May 29th, 2021

18th of Sivan 5781


Living with the Aspiration to Fulfil Mitzvot

Rabbi David Hanania Pinto

"Speak to Aharon and say to him: When you kindle the lamps, toward the face of the Menorah shall the seven lamps cast light" (Bamidbar 8:2)

The commentators discuss why this passage regarding the Menorah is placed immediately after the long recitation of the offerings of the tribal leaders. Citing the Midrash, Rashi comments that Aharon was chagrined that every tribe, represented by its leader, had a role in dedicating the new Tabernacle, while he and his tribe of Levi were excluded. Consequently, G-d comforted him by saying that his service was greater than theirs because he would prepare and kindle the Menorah.

It is necessary to understand why Aharon was disturbed by the fact that his tribe did not participate in the dedication of the Alter. There are many sectors among Am Yisrael who have been charged with observing certain mitzvot which others are not obligated to fulfil. For example, offering the sacrifices and serving in the Beit Hamikdash is the exclusive role of the Kohanim. And the Kohen Gadol is the only one who may enter the Holy of Holies on Yom Kippur to atone for Am Yisrael; no other person is permitted to enter this holy place. Parshat Hakhel is read by the king. Only someone who owns a field can fulfil the mitzvot of leket, shikcha and peah, while others are not obligated in this mitzvah.

Do we feel jealous of the Kohen because we cannot bless the congregants every day? This is a mitzvah given to Kohanim alone! So why was Aharon chagrined that his tribe did not participate in the dedication of the Alter, especially since his tribe, Levi, was charged with many different services in the Beit Hamikdash that other tribes could not perform? In fact, this is why the Levites are called 'the King's Legion'. There must be a reason why Aharon was jealous specifically of the fact that he had no share in the dedication of the Alter.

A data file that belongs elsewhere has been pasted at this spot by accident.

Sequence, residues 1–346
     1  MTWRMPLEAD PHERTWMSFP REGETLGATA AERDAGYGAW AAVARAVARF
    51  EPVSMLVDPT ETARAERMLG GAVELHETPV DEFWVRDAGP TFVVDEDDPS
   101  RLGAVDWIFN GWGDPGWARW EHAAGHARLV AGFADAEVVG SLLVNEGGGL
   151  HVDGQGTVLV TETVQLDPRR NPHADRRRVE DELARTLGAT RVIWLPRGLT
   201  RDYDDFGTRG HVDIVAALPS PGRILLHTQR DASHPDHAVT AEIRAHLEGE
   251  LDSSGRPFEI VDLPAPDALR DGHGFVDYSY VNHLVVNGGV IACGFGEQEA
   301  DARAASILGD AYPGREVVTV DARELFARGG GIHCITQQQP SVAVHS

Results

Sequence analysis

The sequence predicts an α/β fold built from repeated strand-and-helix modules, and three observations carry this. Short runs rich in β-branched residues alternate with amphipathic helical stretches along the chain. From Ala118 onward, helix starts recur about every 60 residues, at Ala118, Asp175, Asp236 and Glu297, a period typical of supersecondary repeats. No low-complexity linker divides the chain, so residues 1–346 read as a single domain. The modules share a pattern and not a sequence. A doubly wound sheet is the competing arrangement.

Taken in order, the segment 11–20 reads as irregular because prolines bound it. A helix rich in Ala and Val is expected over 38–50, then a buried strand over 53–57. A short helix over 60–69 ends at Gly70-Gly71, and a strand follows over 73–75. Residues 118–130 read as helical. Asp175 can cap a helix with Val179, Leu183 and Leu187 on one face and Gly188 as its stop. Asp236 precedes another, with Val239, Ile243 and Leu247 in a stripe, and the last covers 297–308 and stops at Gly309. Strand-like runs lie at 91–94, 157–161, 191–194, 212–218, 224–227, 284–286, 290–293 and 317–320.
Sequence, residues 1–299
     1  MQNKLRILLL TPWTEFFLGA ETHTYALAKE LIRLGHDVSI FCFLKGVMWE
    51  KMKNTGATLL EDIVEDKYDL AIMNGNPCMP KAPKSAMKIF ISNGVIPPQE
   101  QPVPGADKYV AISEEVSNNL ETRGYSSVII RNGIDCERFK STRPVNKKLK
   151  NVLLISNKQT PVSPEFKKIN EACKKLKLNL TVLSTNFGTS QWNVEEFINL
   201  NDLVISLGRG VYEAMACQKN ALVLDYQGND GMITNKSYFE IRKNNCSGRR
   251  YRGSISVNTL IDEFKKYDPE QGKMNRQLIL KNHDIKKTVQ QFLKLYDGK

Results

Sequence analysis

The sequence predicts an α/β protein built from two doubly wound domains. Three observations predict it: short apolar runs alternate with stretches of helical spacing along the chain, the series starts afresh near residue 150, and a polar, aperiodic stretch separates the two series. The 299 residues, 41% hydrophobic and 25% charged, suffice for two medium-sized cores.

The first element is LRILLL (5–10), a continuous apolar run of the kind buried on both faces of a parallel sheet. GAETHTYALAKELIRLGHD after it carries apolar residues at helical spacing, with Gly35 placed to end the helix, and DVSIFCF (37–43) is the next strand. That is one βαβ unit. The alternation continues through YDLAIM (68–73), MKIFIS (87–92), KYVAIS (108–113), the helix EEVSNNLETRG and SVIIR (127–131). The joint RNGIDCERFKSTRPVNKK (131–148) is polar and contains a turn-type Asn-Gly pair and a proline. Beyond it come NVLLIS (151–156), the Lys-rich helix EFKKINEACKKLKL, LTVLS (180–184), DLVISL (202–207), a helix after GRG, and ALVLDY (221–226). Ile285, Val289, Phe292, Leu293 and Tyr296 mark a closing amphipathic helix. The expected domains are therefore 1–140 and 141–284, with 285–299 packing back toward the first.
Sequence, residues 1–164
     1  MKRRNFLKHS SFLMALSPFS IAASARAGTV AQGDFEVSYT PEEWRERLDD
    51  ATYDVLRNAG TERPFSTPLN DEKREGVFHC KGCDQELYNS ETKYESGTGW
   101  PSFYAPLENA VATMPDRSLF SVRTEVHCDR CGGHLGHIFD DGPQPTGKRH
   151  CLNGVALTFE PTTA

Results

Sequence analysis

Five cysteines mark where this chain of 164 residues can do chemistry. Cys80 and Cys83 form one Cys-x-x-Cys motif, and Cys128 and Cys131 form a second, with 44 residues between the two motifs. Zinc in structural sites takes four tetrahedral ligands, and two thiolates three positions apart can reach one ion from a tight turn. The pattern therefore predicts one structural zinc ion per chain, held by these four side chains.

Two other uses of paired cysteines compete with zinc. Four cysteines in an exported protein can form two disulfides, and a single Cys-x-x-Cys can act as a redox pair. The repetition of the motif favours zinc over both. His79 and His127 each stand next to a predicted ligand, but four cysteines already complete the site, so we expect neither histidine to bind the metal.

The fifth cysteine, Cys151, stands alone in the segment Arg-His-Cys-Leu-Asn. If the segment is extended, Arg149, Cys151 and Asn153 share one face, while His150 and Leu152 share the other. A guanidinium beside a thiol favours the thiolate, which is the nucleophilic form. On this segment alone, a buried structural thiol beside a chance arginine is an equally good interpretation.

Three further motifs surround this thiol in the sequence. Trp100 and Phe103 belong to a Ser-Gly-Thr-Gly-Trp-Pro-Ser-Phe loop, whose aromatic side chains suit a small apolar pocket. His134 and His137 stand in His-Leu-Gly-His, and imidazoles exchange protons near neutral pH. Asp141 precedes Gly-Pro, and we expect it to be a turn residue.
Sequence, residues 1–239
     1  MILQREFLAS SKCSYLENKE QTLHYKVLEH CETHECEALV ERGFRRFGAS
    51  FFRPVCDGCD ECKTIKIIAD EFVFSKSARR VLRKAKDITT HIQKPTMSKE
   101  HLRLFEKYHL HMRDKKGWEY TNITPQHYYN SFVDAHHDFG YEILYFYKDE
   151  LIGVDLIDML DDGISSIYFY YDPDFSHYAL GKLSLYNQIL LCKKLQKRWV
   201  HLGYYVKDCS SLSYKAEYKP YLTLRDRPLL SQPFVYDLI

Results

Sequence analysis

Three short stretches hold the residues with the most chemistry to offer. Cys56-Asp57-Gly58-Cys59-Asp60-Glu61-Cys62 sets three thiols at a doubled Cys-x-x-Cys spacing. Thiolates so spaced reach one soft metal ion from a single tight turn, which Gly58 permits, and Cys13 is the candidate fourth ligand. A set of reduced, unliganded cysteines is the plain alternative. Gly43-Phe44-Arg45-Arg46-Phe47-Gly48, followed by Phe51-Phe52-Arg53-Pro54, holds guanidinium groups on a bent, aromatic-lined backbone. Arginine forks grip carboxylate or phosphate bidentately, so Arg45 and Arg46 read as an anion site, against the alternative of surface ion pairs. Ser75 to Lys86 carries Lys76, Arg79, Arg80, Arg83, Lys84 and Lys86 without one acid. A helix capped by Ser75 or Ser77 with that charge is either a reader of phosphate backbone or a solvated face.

Another difficulty is to understand why Aharon was comforted by the fact that Hashem told him his share is greater than theirs, for he will prepare and kindle the lights.

The answer could be because the dedication of the Alter by the tribal leaders demonstrates a wondrous concept.

The Torah goes to great length describing each leader's offering, when it could have just detailed the first one and concluded by saying that each leader brought the same. This is particularly surprising in light of the fact that in other places the Torah is very concise, to the extent that important laws are derived from just one letter or word. So here, why does the Torah, seemingly unnecessarily, go to great length relating the same details twelve times?

We can reconcile this difficulty with the following Chazal (Sifri, Nasso): "Rabbi Natan said, why were the leaders the first to donate for the dedication of the Alter, while for the work of the Mishkan they did not donate first? [With the work of the Mishkan] the leaders said: 'Let the people donate first and whatever is missing we will complete.' But the people donated enough for all the work, as it says, 'But the work had been enough', and then the leaders said, 'What is left for us to bring?' So they brought the Shoham stones. This is why they were the first to donate with the dedication of the Altar. But because in the first case they lacked zealousness, the letter yud is missing from their name and it is written והנשאם, and the leaders."

The leaders were relaxed and did not rush to donate for the work of the Mishkan. Even though they had positive intentions of completing whatever would be missing after the rest of the people donated their gifts, nevertheless this showed some trace of indolence. They should have realized that with their strong love for Hashem, the people will bring all the necessary materials. So at the time of the dedication of the Altar, the leaders repented by bringing their offering with alacrity.